Dobbies, which has a store at Orton Grange near Carlisle, admitted four charges at the city magistrates’ court.
The business was prosecuted by the Environment Agency after a member of the public complained about a foul smell in Sowerby Wood last year.
Jane Morgan, prosecuting, said: "On April 11, an Environment Agency officer responded to a complaint on April 10, that a water course in Sowerby Wood was polluted. The agency had previously received an anonymous complaint on April 2, but on that occasion there was a lack of information."
The officer found that the water course was contaminated with a "white discharge" and "strong sewage odour" which stretched about 1km downstream.
Officers linked it to a pipe pumping secondary-treated sewage into the water from Dobbies. The garden centre had been granted a permit to do this in 2010, ahead of its opening in 2011.
Samples of the polluted water were taken and tested to assess the biochemical oxygen demand: this is measured by the milligrams of oxygen consumed per litre of water. A pristine river would have less than 1mg/l, and the permit granted to Dobbies by the Environment Agency dictates their treated sewage must measure no more than 40mg/l.
Tests on the sample taken on April 11 found it to be 220mg/l, while a further sample taken on April 27 registered 473mg/l – almost 12 times the allowed limit.
Dobbies was charged with four counts of failing to comply with the requirements of the permit. Each charge carried a maximum fine of £50,000.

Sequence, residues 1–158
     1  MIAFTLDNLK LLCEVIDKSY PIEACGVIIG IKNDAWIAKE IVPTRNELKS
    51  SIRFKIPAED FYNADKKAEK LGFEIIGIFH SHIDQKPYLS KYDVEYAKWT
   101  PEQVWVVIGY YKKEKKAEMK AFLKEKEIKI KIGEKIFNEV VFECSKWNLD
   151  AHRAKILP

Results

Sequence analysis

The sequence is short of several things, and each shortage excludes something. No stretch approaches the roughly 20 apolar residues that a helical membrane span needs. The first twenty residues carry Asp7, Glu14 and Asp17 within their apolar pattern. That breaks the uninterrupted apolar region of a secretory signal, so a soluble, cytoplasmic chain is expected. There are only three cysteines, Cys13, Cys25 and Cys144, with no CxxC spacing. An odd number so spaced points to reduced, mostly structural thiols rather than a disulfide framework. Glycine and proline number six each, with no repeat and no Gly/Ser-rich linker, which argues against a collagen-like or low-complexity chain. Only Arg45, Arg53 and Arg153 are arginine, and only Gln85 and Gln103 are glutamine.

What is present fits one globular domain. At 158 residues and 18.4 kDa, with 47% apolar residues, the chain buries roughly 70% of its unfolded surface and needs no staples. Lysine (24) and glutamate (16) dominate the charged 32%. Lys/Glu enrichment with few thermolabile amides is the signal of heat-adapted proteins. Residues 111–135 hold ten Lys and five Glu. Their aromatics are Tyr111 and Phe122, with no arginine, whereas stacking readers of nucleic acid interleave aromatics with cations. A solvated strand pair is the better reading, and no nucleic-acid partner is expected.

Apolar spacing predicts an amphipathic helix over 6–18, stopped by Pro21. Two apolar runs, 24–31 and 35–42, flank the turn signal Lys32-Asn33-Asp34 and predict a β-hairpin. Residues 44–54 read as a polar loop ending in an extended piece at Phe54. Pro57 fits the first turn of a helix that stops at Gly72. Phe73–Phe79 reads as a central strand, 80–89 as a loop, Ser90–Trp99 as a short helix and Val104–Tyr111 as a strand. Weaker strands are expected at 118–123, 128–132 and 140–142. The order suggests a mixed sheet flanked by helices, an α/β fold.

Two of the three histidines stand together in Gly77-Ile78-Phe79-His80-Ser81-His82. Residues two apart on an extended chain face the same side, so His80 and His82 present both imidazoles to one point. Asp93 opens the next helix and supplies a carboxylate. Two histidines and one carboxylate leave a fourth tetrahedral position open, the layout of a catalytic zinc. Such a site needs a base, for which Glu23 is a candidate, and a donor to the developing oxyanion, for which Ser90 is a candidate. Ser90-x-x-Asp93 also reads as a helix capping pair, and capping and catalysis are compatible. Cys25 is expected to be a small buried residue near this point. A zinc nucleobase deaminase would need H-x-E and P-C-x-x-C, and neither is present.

Two related to keeping the levels below 40mg/l, one was in relation to a failure to ensure the discharge was clear, with no adverse visible effects and the final one related to checks on the discharge.
The permit for the garden centre states that the outlet must be checked weekly. The city magistrates heard that staff were not even aware of this condition, much less carrying it out.
Defence barrister Ruth Stockley told magistrates that while the Environment Agency had spoken with a deputy store manager on April 11 and April 20, it was not until a formal letter was given to Dobbies on April 27 that head office became aware of the issue. Stockley said immediate action was then taken to try to resolve the problem.
Taking into account the early guilty pleas, magistrates fined the company £15,000 for the first breach, £25,000 for the second, £10,000 for the third and £25,000 for failing to carry out weekly checks.
It was also ordered to pay the Environment Agency’s costs of £3,976.08 and a £15 victim surcharge.
Speaking after the case, a Dobbies representative said: "We are taking this matter extremely seriously. Since we became aware that aspects of the sewage treatment plant were not operating as designed, we have been working closely with the Environment Agency and other bodies to rectify the situation. We have admitted liability; however, we are considering an appeal given the unprecedented level of fine."
She added: "We have put rigorous new processes in place and have installed new equipment to minimise the risk of this happening again."